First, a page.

These 15 signs are dead giveaways that you're dealing with a keeper:
1. They are consistent.
A trustworthy person will use roughly the same behavior and language in any situation. They have the self-control to maintain character and follow through on what they say they'll do, even when they are tempted to walk it back. They won't wear different masks or pretend they're someone they're not just to impress. Switching gears comes from having learned reliable new information, not from self-serving whims. What's more, what they say matches what you hear from others.
2. They show compassion and humility.
Both these traits demonstrate that the person can think of others well and doesn't consider themselves as more important than anyone else. Because they are more outwardly focused, they're less likely to step on your toes or betray you to get something they need or want.
3. They respect boundaries.
Trustworthy individuals don't try to impose their will on others because they don't feel the need to control those around them. They avoid bullying and acknowledge that no means no.
4. They compromise and don't expect something for nothing.
Small sacrifices show that the individual recognizes that trust is a two-way street. They're willing to give a little to get something back later. And if they do ask for something, they're sure to demonstrate the value of their request.
5. They're relaxed (and so are you).
A person who is faking it and who is more likely to behave in shady ways usually will display some signs of anxiety, such as agitated body language. If the person seems at ease, they likely have nothing to hide and are being honest and open with you. You'll likely feel calm, too, because you won't be subconsciously picking up on and mirroring back negative cues.
6. They are respectful when it comes to time.
Trustworthy people do their best not to be late or cancel plans at the last minute because they know doing so inconveniences you and violates promises. They won't try to rush or drag things out for their own benefit.
7. They show gratitude.
Trustworthy individuals are willing to admit they can't do it all alone and value teamwork. They give credit where it's due, even if it means they don't advance as quickly or shine as much themselves.
8. They give up all the facts, even if it hurts.
Truth and transparency matters to trustworthy people. They won't lie by omission or fudge data. They will give up even the information that could put their reputation at risk or create conflict, believing that those conflicts can be solved with good empathy and communication.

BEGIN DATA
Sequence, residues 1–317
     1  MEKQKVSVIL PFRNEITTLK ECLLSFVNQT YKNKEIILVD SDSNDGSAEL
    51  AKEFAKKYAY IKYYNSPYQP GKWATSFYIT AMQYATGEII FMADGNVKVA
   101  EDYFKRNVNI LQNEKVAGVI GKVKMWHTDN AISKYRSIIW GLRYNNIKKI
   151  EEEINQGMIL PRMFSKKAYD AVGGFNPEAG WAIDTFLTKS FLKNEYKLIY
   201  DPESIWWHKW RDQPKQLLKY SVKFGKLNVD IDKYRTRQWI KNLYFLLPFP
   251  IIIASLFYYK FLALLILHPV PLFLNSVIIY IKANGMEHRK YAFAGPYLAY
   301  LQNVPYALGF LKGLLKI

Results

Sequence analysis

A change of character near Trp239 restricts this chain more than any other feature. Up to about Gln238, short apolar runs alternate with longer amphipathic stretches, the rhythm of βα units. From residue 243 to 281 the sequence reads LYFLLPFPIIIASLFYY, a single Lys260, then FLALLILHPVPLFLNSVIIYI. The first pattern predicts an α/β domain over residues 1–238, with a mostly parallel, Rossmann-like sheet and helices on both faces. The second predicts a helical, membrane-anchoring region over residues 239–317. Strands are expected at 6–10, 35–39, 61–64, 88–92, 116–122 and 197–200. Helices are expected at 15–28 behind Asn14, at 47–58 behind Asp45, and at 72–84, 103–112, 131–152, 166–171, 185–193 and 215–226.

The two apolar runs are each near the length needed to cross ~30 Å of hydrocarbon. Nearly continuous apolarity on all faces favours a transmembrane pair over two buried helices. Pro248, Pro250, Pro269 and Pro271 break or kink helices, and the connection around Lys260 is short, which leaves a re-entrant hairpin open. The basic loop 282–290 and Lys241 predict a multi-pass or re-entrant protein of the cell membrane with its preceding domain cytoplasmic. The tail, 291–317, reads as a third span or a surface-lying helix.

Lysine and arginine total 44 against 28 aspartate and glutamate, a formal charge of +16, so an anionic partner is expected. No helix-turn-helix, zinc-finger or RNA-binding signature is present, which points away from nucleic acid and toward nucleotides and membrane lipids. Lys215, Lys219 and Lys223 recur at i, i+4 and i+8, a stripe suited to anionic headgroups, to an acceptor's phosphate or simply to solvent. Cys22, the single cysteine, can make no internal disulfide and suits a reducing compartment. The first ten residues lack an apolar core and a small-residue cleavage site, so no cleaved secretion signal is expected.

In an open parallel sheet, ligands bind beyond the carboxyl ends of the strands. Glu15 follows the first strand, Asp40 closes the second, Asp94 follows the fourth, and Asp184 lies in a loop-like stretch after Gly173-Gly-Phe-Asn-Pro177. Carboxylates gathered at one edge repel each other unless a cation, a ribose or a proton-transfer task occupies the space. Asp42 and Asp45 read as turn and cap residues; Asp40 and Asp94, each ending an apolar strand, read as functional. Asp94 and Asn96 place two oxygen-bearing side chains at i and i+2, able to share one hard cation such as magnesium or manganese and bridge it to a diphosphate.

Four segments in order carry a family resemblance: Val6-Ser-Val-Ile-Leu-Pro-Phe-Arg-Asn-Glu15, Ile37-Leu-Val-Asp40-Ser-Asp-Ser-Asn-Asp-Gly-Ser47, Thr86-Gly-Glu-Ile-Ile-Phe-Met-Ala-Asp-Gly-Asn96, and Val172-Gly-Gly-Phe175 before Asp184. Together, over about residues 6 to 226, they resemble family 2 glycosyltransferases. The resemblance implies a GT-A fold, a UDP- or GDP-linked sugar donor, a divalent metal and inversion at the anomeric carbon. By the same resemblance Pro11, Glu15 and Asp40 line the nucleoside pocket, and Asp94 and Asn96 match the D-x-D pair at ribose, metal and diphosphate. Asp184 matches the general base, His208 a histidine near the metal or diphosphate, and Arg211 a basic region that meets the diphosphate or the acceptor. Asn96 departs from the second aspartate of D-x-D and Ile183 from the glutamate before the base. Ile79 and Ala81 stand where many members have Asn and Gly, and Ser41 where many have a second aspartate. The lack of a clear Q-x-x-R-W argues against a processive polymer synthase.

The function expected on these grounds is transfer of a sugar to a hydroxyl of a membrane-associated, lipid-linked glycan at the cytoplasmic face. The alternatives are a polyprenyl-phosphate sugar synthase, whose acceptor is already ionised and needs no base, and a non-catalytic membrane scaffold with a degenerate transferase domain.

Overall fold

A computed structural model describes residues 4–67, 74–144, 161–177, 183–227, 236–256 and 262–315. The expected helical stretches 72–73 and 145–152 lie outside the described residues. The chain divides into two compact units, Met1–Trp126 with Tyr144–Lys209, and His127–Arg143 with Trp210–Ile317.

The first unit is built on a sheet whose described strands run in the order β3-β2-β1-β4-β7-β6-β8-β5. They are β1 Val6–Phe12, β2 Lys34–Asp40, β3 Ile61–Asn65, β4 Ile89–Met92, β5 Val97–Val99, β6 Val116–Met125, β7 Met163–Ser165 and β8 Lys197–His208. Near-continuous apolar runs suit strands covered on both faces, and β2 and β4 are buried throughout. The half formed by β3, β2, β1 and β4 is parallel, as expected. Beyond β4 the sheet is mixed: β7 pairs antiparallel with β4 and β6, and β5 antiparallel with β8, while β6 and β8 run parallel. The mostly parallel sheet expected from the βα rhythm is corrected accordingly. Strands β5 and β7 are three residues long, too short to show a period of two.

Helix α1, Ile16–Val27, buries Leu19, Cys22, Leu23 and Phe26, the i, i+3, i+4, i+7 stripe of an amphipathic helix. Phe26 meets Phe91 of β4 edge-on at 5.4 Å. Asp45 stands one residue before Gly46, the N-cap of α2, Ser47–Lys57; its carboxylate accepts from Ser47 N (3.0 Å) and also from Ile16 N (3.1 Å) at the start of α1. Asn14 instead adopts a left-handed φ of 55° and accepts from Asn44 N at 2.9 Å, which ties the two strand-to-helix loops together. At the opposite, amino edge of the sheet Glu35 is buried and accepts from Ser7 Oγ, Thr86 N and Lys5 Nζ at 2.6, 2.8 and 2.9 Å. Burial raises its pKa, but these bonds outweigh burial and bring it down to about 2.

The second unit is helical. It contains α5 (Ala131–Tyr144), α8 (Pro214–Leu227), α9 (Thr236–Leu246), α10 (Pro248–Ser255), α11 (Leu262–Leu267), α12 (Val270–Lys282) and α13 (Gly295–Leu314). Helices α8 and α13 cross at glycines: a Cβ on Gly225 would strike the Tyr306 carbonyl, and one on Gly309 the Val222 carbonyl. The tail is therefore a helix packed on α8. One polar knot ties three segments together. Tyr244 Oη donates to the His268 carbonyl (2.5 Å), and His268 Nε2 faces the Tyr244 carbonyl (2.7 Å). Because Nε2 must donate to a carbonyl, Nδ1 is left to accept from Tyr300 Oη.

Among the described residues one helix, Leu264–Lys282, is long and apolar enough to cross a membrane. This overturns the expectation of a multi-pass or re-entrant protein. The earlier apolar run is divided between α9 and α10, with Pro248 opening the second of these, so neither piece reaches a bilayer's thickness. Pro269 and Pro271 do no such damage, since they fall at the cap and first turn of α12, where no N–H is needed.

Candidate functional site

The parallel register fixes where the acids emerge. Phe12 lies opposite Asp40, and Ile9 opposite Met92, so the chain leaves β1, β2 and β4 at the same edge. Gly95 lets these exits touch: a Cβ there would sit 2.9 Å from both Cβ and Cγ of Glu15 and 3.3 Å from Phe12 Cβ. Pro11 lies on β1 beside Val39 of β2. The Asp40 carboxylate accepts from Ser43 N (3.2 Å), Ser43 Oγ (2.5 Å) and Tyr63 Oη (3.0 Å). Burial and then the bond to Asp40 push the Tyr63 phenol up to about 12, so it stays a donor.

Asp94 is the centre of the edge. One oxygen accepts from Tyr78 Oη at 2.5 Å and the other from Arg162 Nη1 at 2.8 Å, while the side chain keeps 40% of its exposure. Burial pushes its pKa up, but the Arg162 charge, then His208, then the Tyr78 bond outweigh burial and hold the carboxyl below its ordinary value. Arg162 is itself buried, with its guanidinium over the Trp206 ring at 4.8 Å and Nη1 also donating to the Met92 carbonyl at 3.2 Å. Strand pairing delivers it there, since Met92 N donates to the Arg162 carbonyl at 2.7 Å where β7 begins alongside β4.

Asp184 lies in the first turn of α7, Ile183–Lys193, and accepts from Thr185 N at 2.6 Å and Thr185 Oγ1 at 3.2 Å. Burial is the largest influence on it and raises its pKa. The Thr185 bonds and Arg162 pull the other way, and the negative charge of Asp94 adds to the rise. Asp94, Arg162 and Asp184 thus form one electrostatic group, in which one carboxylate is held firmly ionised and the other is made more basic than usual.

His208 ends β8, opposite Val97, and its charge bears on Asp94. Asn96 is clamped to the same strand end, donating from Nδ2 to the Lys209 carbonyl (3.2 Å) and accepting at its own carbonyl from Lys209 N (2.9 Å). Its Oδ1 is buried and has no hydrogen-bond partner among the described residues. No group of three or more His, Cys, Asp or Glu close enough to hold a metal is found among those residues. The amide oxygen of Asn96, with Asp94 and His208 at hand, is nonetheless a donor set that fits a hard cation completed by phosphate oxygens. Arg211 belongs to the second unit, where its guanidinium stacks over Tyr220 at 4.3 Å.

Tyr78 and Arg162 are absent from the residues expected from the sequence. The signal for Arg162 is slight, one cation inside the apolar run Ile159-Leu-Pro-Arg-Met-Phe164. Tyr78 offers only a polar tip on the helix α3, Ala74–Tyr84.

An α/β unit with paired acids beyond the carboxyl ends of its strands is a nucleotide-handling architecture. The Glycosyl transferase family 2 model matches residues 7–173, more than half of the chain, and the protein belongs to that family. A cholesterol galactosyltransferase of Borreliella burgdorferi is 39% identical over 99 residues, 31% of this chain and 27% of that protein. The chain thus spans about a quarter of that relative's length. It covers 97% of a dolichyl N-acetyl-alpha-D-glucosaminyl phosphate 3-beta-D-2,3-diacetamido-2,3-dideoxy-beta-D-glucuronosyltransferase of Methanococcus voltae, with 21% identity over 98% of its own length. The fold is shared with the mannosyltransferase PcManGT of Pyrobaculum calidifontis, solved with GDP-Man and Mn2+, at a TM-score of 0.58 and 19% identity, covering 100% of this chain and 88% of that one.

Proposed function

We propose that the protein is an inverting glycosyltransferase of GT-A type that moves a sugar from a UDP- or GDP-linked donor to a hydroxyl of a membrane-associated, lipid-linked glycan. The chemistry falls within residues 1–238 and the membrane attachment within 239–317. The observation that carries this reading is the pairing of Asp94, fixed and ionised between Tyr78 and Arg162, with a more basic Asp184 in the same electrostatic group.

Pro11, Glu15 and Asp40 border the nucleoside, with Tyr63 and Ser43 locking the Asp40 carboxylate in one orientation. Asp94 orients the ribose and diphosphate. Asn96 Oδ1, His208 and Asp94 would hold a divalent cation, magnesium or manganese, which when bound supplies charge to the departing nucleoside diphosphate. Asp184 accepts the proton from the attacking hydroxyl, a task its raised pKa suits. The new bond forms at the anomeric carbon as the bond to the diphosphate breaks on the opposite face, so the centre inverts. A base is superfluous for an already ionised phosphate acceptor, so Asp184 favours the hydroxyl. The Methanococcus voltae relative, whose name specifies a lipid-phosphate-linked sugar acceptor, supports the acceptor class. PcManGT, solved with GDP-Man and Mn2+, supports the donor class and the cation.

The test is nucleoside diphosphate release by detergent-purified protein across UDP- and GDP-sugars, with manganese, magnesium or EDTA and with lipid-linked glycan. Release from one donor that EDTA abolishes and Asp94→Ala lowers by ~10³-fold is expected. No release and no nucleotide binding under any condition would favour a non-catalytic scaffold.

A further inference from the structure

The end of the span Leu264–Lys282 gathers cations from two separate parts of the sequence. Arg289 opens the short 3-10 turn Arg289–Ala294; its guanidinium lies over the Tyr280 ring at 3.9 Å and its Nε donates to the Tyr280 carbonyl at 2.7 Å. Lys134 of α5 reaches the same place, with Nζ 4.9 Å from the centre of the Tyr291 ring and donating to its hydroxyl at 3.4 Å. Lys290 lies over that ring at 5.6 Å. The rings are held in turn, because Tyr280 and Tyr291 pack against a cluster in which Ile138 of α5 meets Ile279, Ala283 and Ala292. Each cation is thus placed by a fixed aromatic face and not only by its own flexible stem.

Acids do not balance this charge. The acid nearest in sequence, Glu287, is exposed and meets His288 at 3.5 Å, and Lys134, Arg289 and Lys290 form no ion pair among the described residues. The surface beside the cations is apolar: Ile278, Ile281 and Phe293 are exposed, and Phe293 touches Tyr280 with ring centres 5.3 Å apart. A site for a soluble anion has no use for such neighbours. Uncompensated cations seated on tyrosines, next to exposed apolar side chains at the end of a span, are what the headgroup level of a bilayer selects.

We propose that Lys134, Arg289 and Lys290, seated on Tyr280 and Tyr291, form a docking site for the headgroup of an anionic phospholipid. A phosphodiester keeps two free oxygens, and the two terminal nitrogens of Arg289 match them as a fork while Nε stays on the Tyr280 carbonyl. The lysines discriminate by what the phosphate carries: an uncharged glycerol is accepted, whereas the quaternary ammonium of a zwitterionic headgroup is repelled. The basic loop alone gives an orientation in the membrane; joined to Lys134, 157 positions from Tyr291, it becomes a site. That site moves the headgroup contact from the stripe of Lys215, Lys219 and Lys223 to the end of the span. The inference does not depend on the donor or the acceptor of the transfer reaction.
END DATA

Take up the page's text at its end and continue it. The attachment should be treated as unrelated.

9. They confide in you.
Confiding in someone, exposing faults and all, involves a certain amount of vulnerability. So when someone confides in you, it demonstrates that the individual already trusts you and that they want you to be open with them, too.
10. They aren't materialistic or desperate for money.
While there's zero wrong with having nice things, trustworthy people don't put stuff ahead of people. They're willing to give up what they have (or could have) to help. Financial stability facilitates trust because it reduces the temptation to treat others poorly out of the need for self-preservation.
11. They're right a lot.
Because trustworthy people value truth, they are willing to do their homework. They do the research that leads to verifiable conclusions, so they have a track record of having the right answer.
12. They skip the water cooler gossip.
Trustworthy individuals don't like to make assumptions about anything or anybody. They prefer to get information from the source and to let the source speak for themselves. They avoid rumors because they know that rumors usually include negativity that tears people down instead of building them up. When they do talk, their language is empowering and respectful.
13. They're learners.
Individuals who are worth your trust know they don't have all the answers. They look for ways to learn and improve themselves constantly, and through that process, they're willing to share the resources and facts they find.
14. You know who they're connected to, and they try to connect you.
Both these elements show that the other person sees you as important. They want you to be part of their regular social group and meet the people you need to succeed. Others can affirm or contradict what you know about the individual, too. Subsequently, the more people the individual introduces you to, the more likely it is that they're not hiding who they are.
15. They're there for you and others.
Trustworthy people will listen to and support you even when they don't need something from you. They do their best to be available to help, whatever you might be going through.